"People asked me, 'Why in the world would you leave to go to a huge school like Notre Dame?' " Corrigan, 85, recalled Wednesday from his home in Charlottesville, Va. "Huge? I remember telling them Notre Dame's really a small school. A school like Virginia that would fit well in the ACC. … Finally, it happened."
Indeed, Notre Dame ended a period of institutional awkwardness Wednesday when it announced it will join the Atlantic Coast Conference in all sports except its sacred football and hockey.
Tobacco Road added a South Bend exit because the league offered Notre Dame access to everything the crumbling Big East no longer did: Flexible scheduling, an appealing demographic and elite company on the field and in the classroom. In sacrificing nothing for something important to future stability for student-athletes, Notre Dame reaffirmed its relevance in the college sports marketplace to anybody questioning it.
Notre Dame athletic director Jack Swarbrick called the power play, "a home run." Around the ACC, athletic officials understandably spent the day admiring it.
"Why it makes sense for the ACC is we're trying to solidify the football portion of our league and Notre Dame adds great value from a media standpoint and competitive standpoint," North Carolina athletic director Bubba Cunningham said on the phone. "It's a great fit."
Cunningham, a Notre Dame graduate who worked in the university's athletic department from 1988-2002, remembered the last time his alma mater created such a national ripple by joining a conference. But when Notre Dame announced plans to join the Big East in 1994, it felt historic. This was more pragmatic.
When college football's new playoff plan unveiled in June didn't make a conference title a condition for Final Four teams, it reduced Notre Dame's need to consider league affiliation. As one athletic director put it, "that allowed Notre Dame to desperately hang onto its football independence." By mid-July, the process to maintain it resumed fervently.
Notre Dame and the ACC formed a partnership quickly because it made sense for both sides to act now. Besides the security scheduling five ACC opponents without compromising traditional series provides Notre Dame, the school lacked an adequate plan for second-tier bowls under the new system. Aligning with the ACC immediately alleviated that concern, a fact member schools might feel differently about the first time a 7-5 Notre Dame team takes their spot in a bowl game. But when you are the conference with the fifth-weakest football brand out of five power conferences, such is life. Credit ACC Commissioner John Swofford for accepting reality.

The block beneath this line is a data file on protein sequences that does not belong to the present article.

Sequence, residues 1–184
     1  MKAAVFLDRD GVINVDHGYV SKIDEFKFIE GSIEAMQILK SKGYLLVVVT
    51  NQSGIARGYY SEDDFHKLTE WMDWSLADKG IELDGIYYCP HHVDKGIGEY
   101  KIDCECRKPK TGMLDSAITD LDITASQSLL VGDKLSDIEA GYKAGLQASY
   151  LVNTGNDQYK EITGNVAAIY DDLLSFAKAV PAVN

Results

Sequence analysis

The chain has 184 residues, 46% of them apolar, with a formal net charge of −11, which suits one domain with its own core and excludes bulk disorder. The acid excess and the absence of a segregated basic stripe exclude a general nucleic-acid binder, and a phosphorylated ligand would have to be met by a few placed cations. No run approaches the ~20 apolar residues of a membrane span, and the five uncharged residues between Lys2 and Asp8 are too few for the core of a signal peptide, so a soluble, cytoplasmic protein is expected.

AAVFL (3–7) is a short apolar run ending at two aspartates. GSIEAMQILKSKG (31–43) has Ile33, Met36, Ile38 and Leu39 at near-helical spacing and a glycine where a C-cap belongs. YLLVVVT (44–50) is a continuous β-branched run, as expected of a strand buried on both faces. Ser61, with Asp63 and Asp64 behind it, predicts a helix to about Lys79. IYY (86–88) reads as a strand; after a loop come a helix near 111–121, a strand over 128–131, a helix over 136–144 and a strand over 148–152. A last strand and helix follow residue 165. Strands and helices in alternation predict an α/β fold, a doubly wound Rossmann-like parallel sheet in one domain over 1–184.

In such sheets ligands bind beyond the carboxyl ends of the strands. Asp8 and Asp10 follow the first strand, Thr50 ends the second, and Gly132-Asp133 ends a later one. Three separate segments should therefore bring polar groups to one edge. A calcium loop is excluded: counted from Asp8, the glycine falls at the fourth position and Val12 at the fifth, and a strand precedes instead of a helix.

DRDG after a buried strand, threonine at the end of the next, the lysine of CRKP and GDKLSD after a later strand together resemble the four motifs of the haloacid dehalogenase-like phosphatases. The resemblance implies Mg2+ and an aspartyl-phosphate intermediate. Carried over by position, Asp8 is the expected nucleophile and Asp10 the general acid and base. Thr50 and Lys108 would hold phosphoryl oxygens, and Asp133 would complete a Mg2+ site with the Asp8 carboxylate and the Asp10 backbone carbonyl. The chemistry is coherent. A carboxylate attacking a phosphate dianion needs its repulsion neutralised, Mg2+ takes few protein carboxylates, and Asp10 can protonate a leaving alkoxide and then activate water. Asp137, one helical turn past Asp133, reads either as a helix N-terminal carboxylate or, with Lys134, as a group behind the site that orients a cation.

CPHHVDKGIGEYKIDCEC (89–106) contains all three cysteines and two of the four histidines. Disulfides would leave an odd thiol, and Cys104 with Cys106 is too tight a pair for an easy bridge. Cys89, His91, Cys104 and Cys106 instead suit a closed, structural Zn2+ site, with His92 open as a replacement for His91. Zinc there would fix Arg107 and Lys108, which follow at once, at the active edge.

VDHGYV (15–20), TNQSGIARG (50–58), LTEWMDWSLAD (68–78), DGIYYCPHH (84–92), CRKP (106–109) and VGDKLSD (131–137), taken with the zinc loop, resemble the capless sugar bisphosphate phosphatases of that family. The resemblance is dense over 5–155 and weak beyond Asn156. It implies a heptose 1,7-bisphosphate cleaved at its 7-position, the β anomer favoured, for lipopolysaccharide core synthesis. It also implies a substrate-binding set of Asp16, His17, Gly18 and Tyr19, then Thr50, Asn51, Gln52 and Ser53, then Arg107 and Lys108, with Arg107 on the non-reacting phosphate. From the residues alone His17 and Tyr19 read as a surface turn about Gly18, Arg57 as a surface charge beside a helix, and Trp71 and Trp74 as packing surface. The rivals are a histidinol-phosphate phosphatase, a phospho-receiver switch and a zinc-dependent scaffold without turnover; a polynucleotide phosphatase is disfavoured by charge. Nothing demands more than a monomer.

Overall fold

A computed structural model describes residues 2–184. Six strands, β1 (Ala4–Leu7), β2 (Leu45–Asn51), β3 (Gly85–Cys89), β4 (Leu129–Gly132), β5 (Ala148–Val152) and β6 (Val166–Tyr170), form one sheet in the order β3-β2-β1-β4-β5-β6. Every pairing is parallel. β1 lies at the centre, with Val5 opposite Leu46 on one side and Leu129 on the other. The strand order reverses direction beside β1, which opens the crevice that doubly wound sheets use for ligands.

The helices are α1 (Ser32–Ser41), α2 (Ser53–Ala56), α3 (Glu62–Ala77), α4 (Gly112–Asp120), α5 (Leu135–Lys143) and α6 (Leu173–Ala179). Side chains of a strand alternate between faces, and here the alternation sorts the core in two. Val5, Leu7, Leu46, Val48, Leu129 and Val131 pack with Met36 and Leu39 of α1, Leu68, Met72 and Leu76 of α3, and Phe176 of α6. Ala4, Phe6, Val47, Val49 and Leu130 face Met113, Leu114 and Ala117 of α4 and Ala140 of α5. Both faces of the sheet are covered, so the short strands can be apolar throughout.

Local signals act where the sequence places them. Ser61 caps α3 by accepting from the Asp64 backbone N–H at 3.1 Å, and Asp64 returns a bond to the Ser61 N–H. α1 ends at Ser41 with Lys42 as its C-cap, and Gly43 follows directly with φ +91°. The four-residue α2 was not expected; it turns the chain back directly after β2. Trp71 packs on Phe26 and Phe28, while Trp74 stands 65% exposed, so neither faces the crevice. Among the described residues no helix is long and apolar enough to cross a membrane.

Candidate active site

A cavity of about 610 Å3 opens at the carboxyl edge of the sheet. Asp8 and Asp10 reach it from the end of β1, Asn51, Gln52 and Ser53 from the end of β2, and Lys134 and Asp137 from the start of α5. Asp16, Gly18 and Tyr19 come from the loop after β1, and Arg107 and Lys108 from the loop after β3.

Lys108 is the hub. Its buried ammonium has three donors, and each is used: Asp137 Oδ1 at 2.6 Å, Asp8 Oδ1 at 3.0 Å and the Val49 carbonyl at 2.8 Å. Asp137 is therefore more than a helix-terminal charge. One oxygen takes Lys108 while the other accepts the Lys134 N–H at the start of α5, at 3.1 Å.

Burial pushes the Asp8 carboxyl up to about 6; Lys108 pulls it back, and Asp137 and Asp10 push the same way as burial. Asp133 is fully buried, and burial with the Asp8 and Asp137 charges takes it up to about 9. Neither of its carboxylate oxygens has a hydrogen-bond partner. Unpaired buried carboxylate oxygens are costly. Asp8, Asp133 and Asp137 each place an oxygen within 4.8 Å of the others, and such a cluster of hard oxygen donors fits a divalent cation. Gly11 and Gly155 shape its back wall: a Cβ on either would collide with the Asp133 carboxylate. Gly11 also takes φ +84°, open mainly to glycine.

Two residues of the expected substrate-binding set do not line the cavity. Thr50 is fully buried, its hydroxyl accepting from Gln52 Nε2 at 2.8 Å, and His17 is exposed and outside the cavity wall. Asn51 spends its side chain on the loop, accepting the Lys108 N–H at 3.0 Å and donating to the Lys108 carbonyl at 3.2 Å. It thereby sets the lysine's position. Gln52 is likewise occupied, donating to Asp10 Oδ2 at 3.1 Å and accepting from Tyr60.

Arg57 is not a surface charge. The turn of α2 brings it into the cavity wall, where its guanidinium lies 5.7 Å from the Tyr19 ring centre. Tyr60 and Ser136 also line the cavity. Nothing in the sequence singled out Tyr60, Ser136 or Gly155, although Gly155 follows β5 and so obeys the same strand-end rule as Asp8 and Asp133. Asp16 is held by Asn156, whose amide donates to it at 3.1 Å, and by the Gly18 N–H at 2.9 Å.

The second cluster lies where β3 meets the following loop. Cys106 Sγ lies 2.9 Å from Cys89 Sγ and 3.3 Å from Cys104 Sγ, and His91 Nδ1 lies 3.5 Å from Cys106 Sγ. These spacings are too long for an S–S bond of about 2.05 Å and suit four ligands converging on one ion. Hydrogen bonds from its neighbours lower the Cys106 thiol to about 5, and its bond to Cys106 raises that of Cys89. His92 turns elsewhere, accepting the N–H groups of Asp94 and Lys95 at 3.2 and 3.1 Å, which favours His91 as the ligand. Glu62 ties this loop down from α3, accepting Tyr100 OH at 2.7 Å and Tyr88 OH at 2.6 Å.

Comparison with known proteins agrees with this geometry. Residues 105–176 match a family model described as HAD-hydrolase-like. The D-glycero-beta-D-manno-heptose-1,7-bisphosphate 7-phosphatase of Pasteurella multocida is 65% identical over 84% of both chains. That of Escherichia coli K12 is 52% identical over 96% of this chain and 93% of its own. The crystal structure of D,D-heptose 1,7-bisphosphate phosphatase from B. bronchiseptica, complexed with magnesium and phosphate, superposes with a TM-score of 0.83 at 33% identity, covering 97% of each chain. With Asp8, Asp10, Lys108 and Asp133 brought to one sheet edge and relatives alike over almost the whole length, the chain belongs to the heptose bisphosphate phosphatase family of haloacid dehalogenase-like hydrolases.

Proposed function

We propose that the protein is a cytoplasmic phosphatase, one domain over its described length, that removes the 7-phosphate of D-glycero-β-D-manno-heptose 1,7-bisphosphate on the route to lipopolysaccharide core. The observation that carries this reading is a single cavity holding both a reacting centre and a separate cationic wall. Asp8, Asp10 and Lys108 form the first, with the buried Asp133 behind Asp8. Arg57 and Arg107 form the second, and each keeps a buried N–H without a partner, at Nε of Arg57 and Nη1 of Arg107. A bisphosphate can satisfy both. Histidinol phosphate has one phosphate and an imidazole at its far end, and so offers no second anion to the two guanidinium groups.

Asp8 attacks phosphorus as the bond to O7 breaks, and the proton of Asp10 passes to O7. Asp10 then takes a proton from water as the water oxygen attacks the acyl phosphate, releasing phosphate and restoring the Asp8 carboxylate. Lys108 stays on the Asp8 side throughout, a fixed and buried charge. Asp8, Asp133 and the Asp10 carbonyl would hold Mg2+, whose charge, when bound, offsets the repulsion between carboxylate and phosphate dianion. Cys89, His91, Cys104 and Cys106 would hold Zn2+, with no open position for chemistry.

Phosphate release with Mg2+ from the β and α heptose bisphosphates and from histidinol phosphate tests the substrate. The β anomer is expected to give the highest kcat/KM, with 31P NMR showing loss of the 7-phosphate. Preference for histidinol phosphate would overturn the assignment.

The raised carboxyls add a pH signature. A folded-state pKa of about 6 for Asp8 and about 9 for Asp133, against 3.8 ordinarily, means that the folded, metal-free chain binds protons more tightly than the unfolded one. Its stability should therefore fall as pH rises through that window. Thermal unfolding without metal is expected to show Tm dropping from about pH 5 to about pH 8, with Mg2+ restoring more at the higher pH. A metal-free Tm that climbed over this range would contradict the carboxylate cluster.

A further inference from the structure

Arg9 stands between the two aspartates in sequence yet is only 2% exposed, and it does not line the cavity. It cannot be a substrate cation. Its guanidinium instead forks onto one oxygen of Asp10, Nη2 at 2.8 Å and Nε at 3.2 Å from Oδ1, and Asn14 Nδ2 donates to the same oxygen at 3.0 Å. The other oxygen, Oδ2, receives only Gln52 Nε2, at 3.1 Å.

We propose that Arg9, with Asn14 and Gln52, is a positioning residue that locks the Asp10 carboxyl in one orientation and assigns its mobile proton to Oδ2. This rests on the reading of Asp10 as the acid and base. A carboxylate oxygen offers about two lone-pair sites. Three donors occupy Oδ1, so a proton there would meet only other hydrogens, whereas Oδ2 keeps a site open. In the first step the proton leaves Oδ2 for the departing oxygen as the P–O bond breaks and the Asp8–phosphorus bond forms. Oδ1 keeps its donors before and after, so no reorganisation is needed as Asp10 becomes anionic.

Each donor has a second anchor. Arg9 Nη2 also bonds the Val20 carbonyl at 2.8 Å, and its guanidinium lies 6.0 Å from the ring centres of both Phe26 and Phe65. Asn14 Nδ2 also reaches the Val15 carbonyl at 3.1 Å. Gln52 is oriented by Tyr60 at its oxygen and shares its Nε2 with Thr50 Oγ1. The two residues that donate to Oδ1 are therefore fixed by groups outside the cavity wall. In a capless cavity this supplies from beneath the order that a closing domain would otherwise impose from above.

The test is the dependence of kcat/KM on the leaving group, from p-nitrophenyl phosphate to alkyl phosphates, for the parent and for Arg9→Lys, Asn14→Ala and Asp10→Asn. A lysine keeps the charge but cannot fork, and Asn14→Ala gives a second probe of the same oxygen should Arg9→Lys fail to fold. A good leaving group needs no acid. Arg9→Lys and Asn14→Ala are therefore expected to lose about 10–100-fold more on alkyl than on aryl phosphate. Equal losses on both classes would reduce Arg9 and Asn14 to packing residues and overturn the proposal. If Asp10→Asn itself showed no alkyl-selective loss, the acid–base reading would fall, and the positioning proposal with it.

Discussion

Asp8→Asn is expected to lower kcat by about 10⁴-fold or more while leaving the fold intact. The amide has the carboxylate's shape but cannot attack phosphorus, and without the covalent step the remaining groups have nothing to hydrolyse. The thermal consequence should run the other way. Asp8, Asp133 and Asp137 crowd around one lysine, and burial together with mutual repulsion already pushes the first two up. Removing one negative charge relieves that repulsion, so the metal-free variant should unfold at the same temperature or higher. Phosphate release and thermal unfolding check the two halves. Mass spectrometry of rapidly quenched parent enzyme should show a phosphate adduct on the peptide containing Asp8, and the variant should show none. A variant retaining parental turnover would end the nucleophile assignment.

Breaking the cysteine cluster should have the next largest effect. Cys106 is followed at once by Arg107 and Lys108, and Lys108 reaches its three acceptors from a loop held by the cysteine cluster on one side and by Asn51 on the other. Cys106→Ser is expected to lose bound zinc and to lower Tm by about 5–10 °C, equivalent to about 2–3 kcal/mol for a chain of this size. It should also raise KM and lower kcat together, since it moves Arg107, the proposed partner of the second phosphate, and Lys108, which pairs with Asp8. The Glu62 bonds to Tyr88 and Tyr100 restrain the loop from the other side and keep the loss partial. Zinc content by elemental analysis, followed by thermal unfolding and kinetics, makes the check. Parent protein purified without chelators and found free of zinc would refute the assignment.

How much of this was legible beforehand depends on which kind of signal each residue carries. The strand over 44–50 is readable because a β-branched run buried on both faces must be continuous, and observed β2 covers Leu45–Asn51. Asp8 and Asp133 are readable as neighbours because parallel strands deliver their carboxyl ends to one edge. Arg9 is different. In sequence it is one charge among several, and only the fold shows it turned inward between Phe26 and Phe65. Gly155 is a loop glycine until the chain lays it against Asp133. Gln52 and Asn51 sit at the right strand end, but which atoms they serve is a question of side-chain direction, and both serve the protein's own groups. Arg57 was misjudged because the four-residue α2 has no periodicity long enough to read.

Now the ACC also can use Notre Dame to enhance its stature with the Orange Bowl and to derive more money out of the league's underwhelming TV contract. Now Notre Dame football coach Brian Kelly can recruit in traditional SEC country armed with improved ammunition of more future games in the region. Now Notre Dame can negotiate its next NBC contract with the promise of new southeast markets.
Who loses? The Big 12 flirted with Notre Dame, but one university source said that always was "more smoke than fire." Michigan, Michigan State and Purdue might miss playing the Irish. As for the Big Ten overall, though tempting, it would be lazy to overstate what the league lost in not landing a fish it stopped trying to catch.
The ACC made concessions to take Notre Dame without football the Big Ten never dared to consider. If you respect how Notre Dame has valued staying independent — as I do — you similarly have to admire the Big Ten for protecting an identity Notre Dame's partial-membership would have altered. The Big Ten believes in keeping its members equal partners as staunchly as Notre Dame believes in its football independence.
Football drove Notre Dame's move to the ACC, but basketball will benefit immediately if facility upgrades, such as a new practice gym, become the priority they must for programs competing with Duke and North Carolina. Nothing against new Big East members Memphis, Houston, SMU and Central Florida, but they weren't going to challenge Notre Dame's soccer, lacrosse or tennis programs, for example, the way ACC foes will.
"Notre Dame's Olympic sports are geared to win national championships, and that's the way it is at ACC schools," said Corrigan, the former ACC commissioner from 1987-97 who consulted Swofford through this merger.
To Corrigan, it culminated a process he began almost 20 years ago trying to lure Notre Dame to the ACC.
"They weren't ready yet," Corrigan said. "But at the time I thought it made a lot of sense."
Makes even more sense now.